I want to look at a passage from philosopher Alan Watts and it’s follow up video:
It is best understood by analogy with music. Because music as an art form is essentially playful. We say you play the piano. You don’t work the piano. Why? Music differs from say travel. When you travel you are trying to get somewhere.
One doesn’t make the end of the composition the point of the composition. If that were so the best conductors would be those that play fastest. And there would be composers that wrote only finales. People would go to concerts just to hear one crashing cord. Because that’s the end! When dancing you don’t aim at a particular spot in the room that’s where you should arrive. The whole point of the dancing is the dance.
We thought of life by analogy with a journey; with a pilgrimage. Which had a serious purpose at the end and the thing was to get to that end. Success or whatever it is or maybe heaven after you’re dead. But we missed the point the whole way along. It was a musical thing and you were suppose to sing or to dance while the music was being played.
Try to see life more as a dance and stay present. Success is the butterfly that comes in lands on your shoulder when you’re looking the other way. If you are living moment to moment and not tirelessly focusing on what is ahead you may quickly realize there’s much to cherish in the present.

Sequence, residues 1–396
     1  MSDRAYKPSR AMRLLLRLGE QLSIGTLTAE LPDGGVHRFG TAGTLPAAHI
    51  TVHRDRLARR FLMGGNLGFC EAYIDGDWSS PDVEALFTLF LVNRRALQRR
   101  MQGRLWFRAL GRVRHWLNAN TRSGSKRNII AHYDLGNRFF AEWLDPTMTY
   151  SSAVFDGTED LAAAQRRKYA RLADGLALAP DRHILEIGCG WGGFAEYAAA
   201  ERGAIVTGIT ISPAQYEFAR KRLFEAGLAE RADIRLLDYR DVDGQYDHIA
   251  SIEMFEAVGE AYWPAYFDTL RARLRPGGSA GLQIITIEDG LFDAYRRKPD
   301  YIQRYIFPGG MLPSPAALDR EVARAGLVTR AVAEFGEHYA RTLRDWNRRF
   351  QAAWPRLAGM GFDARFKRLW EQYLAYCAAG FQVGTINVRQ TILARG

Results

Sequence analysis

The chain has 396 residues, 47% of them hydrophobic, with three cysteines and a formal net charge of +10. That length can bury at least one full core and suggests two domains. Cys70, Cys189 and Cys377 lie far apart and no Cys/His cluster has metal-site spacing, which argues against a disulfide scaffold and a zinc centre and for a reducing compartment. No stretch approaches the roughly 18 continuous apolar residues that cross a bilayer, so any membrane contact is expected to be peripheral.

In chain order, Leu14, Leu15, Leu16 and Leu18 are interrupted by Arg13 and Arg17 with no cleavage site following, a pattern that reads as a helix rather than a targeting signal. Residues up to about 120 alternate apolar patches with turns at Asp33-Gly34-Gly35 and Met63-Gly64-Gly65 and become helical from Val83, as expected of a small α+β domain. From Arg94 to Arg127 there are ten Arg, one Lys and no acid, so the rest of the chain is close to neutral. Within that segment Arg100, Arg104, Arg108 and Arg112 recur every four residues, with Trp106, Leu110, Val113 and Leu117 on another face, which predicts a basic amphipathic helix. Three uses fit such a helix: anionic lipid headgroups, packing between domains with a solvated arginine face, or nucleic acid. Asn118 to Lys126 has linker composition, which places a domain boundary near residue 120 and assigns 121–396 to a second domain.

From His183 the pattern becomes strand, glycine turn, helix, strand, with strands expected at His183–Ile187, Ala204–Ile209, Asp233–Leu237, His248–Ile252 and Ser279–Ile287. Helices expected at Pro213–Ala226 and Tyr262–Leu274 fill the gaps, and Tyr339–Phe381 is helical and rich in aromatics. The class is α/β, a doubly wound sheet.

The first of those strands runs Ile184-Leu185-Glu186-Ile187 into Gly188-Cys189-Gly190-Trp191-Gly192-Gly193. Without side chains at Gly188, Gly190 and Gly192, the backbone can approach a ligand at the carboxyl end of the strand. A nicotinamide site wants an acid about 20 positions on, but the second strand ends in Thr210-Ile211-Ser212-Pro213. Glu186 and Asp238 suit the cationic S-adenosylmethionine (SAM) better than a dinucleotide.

3. Self-Worth is often overlooked while striving to provide value
We need to be a little more careful about value. What if it’s not so much about the value others are providing as it is discovering what it is that makes you valuable? Self-discovery is not necessarily linear. Self Discovery comes from doing and doing comes from staying present as Alan Watts pointed out. To live in the moment. But what is behind your value? What drives you? Self-worth easily gets lost in the fold. Never lose your self-worth while trying to provide value.
The tale of Icarus and Daedalus is a good example of having balance in life and also maintaining one’s self worth.
Seeking to escape exile from the island of Crete, Daedalus looked to the heavens as the only route open to him and his son, Icarus. So, Daedalus crafted two pairs of wings from feathers and wax.
Before taking flight, Daedalus warned his son: ” Take care to fly halfway between the sun and the sea. If you fly too high, the sun’s heat will melt the wax that binds your wings. If you fly too low, the sea’s mist will dampen the feathers that give you lift. Instead, aim for the middle course and avoid extremes.”
However, Icarus was exhilarated by his newfound power of flight. he soared high into the heavens, ignoring his father’s warning. Soon, the sun melted the wax that bonded his wings.